Monday, 1 February 2010
My housemate is a carrot
I am sorry to have to announce that a curious change has come over one Megan Frances Abigail. We spent a glorious weekend together in the cold and snow of Shropshire, with our other housemate Jayne Stinkypants. The food was wonderful (and if you've never seen anyone eat an entire bowl of sour cream by itself, it is pretty entertaining), the Bibley-talkey bits were excellent and we slept in a beautifully freezing cardboard house. At least I did. And we all know that you can't beat frostbite for making a weekend memorable.
So you can imagine my consternation when, upon our return, we retire to bed quite as we should be, and wake up quite as we shouldn't be. At least in Megan's case. I'm not sure what the medical term is for turning into a carrot in your sleep, but I reckon it's pretty serious.
What's worse is that now Jayne and I have the dilemma of what to do with her. It seems very heartless to eat one of your best friends, but similarly wasteful not to. And if we leave her too long she'll osmose and get all old and soggy. And if we put her in the back of a wardrobe somewhere in Cambridge I reckon she'll go runny at some point.
Feel free to contact me with any suggestions/recipe ideas as we mourn the sad loss of our friend.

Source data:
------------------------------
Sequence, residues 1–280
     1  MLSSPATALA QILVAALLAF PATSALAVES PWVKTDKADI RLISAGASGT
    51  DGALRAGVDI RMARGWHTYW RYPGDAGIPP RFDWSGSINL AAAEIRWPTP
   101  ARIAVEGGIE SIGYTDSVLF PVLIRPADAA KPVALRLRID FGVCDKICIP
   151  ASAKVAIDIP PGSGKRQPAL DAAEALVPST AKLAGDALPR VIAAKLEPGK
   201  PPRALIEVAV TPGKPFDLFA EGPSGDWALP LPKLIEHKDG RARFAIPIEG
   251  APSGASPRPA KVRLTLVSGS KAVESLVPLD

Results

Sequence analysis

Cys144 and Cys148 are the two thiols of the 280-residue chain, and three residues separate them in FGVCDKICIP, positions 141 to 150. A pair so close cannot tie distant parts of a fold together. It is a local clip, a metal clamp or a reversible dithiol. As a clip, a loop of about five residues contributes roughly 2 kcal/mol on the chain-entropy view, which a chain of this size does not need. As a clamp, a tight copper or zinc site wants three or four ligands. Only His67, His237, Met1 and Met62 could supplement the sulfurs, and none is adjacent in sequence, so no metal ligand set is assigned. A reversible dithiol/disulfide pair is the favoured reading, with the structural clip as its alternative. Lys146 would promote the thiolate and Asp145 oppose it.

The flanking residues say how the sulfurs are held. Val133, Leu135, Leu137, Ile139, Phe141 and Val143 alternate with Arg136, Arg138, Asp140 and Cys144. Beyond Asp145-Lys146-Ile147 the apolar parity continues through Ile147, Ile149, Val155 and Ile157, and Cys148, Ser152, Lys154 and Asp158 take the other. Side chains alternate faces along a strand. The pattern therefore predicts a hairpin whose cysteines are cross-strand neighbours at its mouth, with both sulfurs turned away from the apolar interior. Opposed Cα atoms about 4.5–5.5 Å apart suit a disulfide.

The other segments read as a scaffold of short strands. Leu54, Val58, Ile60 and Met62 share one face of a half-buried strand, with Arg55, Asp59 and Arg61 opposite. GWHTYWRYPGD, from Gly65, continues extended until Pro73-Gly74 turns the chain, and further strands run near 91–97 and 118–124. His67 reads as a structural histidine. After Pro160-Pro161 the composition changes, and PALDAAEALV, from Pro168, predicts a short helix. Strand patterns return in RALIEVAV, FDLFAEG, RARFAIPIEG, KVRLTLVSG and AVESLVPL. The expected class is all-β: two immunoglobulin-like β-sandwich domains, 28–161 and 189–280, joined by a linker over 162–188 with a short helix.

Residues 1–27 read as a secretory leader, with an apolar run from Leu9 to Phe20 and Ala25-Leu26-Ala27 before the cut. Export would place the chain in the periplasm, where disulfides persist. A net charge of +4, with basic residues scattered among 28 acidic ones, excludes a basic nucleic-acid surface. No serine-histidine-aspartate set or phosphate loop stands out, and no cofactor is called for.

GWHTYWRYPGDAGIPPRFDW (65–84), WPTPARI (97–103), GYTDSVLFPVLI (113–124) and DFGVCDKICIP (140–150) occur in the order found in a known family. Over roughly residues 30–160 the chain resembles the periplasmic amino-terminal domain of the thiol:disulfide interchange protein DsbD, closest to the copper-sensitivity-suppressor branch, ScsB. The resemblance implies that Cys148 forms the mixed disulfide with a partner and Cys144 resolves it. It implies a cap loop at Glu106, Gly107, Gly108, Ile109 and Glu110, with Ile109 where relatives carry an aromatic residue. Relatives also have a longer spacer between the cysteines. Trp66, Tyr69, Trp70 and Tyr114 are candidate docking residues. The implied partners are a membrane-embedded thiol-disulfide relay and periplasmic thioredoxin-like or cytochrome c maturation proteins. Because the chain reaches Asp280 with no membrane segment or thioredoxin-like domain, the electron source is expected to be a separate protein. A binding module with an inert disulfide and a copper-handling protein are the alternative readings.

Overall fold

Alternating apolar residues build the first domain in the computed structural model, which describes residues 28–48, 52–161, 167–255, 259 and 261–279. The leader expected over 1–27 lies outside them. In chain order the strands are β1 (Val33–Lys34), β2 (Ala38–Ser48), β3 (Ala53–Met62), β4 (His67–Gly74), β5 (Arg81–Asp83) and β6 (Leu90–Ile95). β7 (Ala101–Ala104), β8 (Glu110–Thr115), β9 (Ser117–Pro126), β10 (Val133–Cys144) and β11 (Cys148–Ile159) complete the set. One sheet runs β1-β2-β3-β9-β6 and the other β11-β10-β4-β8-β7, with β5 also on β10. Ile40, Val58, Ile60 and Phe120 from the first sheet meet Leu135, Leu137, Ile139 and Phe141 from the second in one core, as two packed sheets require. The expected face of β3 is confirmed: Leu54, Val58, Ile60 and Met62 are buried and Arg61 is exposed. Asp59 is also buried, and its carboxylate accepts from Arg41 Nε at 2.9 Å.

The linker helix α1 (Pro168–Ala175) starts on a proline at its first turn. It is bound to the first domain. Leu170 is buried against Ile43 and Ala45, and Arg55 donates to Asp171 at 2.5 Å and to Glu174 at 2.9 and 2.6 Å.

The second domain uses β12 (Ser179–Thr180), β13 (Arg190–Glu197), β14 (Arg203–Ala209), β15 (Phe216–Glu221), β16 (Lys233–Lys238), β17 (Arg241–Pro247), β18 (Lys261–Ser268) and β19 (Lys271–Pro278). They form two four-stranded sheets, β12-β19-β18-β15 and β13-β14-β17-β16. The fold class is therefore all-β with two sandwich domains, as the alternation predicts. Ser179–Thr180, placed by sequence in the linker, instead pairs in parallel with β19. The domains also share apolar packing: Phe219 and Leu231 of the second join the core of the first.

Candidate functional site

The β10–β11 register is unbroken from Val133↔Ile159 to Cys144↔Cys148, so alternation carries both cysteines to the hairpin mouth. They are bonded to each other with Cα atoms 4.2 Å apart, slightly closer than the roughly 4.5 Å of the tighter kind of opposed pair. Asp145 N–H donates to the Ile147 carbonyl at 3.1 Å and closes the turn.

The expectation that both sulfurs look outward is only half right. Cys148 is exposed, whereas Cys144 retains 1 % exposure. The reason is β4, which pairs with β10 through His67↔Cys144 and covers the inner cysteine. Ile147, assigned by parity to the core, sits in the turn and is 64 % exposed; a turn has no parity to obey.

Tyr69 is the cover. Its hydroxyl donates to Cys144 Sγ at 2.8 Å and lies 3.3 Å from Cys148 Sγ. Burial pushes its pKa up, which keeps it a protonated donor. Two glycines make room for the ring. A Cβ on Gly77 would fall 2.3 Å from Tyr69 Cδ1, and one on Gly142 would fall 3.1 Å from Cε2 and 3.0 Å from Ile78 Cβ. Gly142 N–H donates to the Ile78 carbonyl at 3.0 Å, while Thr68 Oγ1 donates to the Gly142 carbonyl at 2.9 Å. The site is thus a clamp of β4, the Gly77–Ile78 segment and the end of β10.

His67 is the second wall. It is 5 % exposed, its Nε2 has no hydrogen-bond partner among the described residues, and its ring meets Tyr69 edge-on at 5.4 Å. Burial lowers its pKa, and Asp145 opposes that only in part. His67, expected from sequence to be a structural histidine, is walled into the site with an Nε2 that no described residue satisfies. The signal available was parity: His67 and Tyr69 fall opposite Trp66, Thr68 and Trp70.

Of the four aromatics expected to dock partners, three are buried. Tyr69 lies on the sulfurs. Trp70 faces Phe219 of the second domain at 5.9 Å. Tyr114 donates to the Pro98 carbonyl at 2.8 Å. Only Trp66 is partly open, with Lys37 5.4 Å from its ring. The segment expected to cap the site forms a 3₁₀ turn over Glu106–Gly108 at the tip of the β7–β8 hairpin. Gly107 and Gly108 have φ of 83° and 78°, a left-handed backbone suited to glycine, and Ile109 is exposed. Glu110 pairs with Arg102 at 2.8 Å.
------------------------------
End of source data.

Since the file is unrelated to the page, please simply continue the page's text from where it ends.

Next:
In other news, there was snow. SNOW. In England. ENGLAND. What is the world coming to? And it wasn't piddly, fiddly little teeny-weeny-eeny-smeeny amounts of snow, it was great gadzooking monster amounts of snow. At least for England. Especially that fine suburban hub of Alton-en-le-wey. Apparently.
And what do all sensible English people do when it snows? They go 'boggan in their wellinga boots. Of course. Or tobogganing in their wellington boots if they have a little more self-respect. Preferably wearing the most absurd clothing they can find. In my case a full waterproof outfit belonging to my father. You can't beat flourescent orange trousers. Ever. Especially when the waistband stops just two inches below your armpits. Spectacular.
I decided to go 'boggan, but my adventures were somewhat more spectacular than most people's. I like to believe that this is because I have more imagination, but probably it is because I wear bigger knickers. We managed to develop a new and improved sledding technique, which involved three overgrown children (substitute adults where appropriate), lying one on top of the other on top of the other on top of the toboggan. And then taking the hill head-first alongside all of the other, less-adventurous inhabitants of Guildford.
This is not, however, the peak of the excitement! Which came when two girls, probably aged about 9 and 12, come bombing down the hill on their marvellously speedy-weedy 'boggan with metal runners. They see a group of people at the bottom of the hill and decide not to stop, not to change direction, not even to call out, just to keep going and see what happens. If you have never had a sledge go over your leg at full-speed, it is pretty surprising. Not the most comfortable moment of my life, but possibly worth it for the spectacular bruises and hard lump that is still in my leg.
Chuck the Pig is in fine form, as is Rachel, and three cheers for Merrie England.